CentOS 8 Official Announcement

Dec 10, 2020
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Hey everyone! I know we've had several threads on this, but I wanted to post this announcement we just released today:

So for someone starting out a brand new experimental project using cPanel, which direction would you go given the future of CentOS ( which I don't want to leave ), the need to keep it all on my own servers, and the future long term support of cPanel for each distro?
-- ie: is there any further news beyond this announcement as yet, or can you advise options to consider?
 
Dec 10, 2020
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What specifically were you looking to find out at this point?
well, because I am new to all this and huge learning curve ahead for my project, I wanted to avoid if possible the need to shift operating systems later ... I guess it's not a massive problem if I have to, I just want to avoid it if I can ... being on CentOS is advantageous for me, because a good friend of mine is offering technical assistance on my project, and he runs a medical research data centre with another friend of mine, and they have decided ( for now ) to stick with CentOS 7 for the very reasons you've stated, but I am just curious what will happen beyond that when it's only CentOS Stream?

I can appreciate that the answer might be "we don't know yet", but was just curious if there is any further information on how this will affect cPanel in the long term?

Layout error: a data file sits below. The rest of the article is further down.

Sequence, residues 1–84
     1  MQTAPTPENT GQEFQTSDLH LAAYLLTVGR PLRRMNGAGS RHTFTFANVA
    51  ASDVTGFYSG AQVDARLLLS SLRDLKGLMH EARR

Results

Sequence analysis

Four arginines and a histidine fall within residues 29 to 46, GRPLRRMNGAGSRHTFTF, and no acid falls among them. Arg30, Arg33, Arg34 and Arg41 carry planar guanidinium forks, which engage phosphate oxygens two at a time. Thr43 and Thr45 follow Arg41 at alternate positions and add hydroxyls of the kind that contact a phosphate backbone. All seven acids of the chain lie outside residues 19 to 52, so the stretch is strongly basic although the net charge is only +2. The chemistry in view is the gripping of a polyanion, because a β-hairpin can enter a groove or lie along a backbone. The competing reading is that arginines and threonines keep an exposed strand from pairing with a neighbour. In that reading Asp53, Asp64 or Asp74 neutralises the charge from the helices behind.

cPRex

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Thanks for the additional details. CentOS 7 would get you at least four years of time with current CentOS/RedHat tools. What happens after that, we can't really say at this point. CloudLinux is also making a port of RedHat that we plan to work closely with, so there wouldn't be any additional knowledge required to use that.
 

ffeingol

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@galacticpresident The point is actually a bit mute, until there is a Ubuntu version. CentOS is not a 'rolling' release. You can't upgrade from CentOS V7 to CentOS V8, so you have to 'shift operating systems' anyways. WHM has a built in transfer system (which is quite rock solid) so migrating accounts from server to server is pretty painless (with planning).
 
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vacancy

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According to the cpanel statement, cpanel will not support centos stream. Centos 8 will be supported, for this cloudlinux will issue a fork. The centos 8 support, which will officially end in 2021, will be extended to 2029. It has been announced that this will be in the first quarter of 2021. Also, even if you are currently using centos 8, you will still be able to switch to cloudlinux fork. But keep in mind that right now cpanel is in an experimental state for centos 8. After waiting a few months, you can make a new installation with centos 8 and continue.

If you don't want to wait, if you say that the situation of Centos 8 is confusing, today Centos 7 will be the best choice. ;)
 
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Dec 10, 2020
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@galacticpresident The point is actually a bit mute, until there is a Ubuntu version. CentOS is not a 'rolling' release. You can't upgrade from CentOS V7 to CentOS V8, so you have to 'shift operating systems' anyways. WHM has a built in transfer system (which is quite rock solid) so migrating accounts from server to server is pretty painless (with planning).